A Famous Jazz Trumpet Player Film Studies Essay

Published: 2021-07-06 18:45:05
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Category: Film Studies

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jazz musician in history. Armstrong was frequently known as "Pops" or "Satchmo", which was
short for Satchelmouth referring to the size of his mouth. He had a great sense of humor and a
positive disposition that made people around him feel good. He won the hearts of everyone and
his impact on jazz music of the 20th century continues into the 21st century.
Louis Daniel Armstrong was born on August 4, 1901, in New Orleans, Louisiana in one of
the poorest parts of town. Louis had maintained that he was born on July 4, 1900. There had
been controversy over the correct date of his birth when a baptism certificate was found in 1983,
belonging to Armstrong, verifying that August 4, 1901 was the correct date of birth. It is likely
that Armstrong himself was unaware of the mistake, as it was not uncommon for many poor
blacks whose birth dates are not known to adopt a popular day to celebrate their birthdays.
Armstrong’s mother, Mary Ann Miles, also known as Mayan, gave birth to Louis at the age of
fifteen after a short romance with Louis’ father, Willie Armstrong. Willie abandoned Louis when
he was only three weeks old. Mayan did what she had to do to provide for Louis and his sister,
Mama Lucy, which forced her into prostitution to make ends meet. Mayan often left Louis in the
care of his grandmother, who taught him how to properly care for himself and took him to
church. He enjoyed going to church and is that is where he first began to sing.
By the age of seven, Louis was working when he was not in school. He would sell coal, sing
on the street corner, or work on a junk wagon. Being from New Orleans, a city that lived and
breathed music, Armstrong was influenced by the new and evolving music of jazz. The music of
the honky tonks in Storyville and brass bands in parades and funerals were great inspirations.
On New Year’s Eve 1912, Louis just eleven years old, fired shots in the air with a borrowed
pistol. Although it was illegal, this was not uncommon, it was a tradition of the celebrating.
Louis was caught and sentenced to an indefinite time in the Colored Waifs Home for Boys.
While serving his time at the Boys home, Armstrong met Peter Davis, the conductor and trainer
of the Waifs 15 piece brass band. Louis was invited to join the band. Davis encouraged Louis
and gave him musical instructions on the playing the cornet. Louis fell in love with music.
Armstrong was released in 1914, and went back to selling coal and singing and dancing in the
streets for coins.
At the age of seventeen, Louis began playing small brass at funerals and parades. Before long
he had made a name for himself and caught the attention of Joe "King" Oliver, a member of Kid
Ory’s band and finest trumpet player around. Oliver began to mentor Armstrong and eventually
allowed Armstrong to play with the band on his odd nights. When Oliver moved to Chicago,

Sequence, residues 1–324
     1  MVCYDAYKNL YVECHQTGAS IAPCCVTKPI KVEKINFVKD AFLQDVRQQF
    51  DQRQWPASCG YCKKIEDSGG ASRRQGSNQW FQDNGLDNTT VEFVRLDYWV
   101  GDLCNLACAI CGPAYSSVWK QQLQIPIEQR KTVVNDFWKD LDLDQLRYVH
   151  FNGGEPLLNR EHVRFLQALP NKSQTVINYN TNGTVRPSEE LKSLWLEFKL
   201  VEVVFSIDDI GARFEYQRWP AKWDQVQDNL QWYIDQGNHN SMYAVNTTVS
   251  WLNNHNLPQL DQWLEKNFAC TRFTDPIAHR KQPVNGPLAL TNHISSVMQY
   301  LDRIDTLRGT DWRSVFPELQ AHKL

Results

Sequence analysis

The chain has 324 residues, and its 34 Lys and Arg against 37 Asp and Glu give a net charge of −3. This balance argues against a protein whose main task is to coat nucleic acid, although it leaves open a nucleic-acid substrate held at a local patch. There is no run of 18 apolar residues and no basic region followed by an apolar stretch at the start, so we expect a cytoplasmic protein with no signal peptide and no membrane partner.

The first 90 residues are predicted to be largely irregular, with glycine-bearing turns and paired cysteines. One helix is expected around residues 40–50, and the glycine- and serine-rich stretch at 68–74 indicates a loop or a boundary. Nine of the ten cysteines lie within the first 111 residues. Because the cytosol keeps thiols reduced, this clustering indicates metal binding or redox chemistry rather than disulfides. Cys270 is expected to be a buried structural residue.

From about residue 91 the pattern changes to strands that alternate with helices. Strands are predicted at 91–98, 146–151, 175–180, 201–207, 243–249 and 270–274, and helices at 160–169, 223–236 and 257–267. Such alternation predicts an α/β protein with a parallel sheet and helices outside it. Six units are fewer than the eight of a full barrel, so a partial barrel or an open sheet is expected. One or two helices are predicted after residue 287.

Louis took his place in Kid Ory’s band.
In early 1922, Armstrong was invited to Chicago by Oliver, to play second cornet in his band,
Creole Jazz Band. After a while they began touring and recording. By 1924, Louis had left the
Creole Jazz Band and moved to New York to play in Fletcher Henderson’s orchestra. New York
jazz was very different than the Chicago jazz scene but Armstrong was still able to astonish the
crowd with his new style. Shortly after joining the orchestra, Louis felt he had become well
enough known to make it on his own. He moved back to Chicago and started recording as band
leader with his Hot Five and later Hot Seven band. Over the next three years, Armstrong and a
handful of musicians built the most important monument of recorded jazz. He recorded Ain’t
Misbehavin’, in 1929, which helped the acceptance and popularity of jazz.
Louis’ voice gained controversy and some people disapproved of his unique gravelly voice.
Armstrong then recorded Heebie Jeebies, which introduced the world to scat singing and West
End Blues, one of the most famous recordings in early jazz. Louis’ playing continued to improve
and his music was introduced to more and more audiences. He toured England for three months
in 1932, and continued his international tours over the next few years.
When he returned to the US, he met Joe Glaser, a small time gangster and member of the
Capone syndicate. Glaser became Armstrong’s manager. Louis began performing in films, the
best theaters, dance halls, nightclubs, and on the radio. In 1947, Glaser had Armstrong disband
his big band and formed a small ensemble called the All-Stars. The All-Stars were the best
platform for Louis to display his talent. They were a superb band. The All-Stars recorded many
famous albums and sold millions of records all over the world.
Louis career reached the top in 1956, when he became more famous than anyone in the
music business had before him. In Ghana, over 500,000 people came to hear him play. Louis and
the All-Stars often performed for audiences of more than 10,000 people at a time. During the rest
of the decade, Louis continued to his world tours and television and radio performances. In 1967,
Louis and the All-Stars recorded What a Wonderful World, it held the number one spot on the
charts for weeks in Britain.
On the morning of July 6, 1971, in Queens, New York, Louis suffered a massive heart attack
at his home and died in his sleep. The world mourned the loss of the greatest musician and
entertainer. More than 25,000 people lined the streets to show respect during the funeral. Louis
Armstrong’s records continue to sell today as much as they did over 30 years ago. Louis
Armstrong will always remain the greatest trumpet player and jazz musician the world will ever
see.

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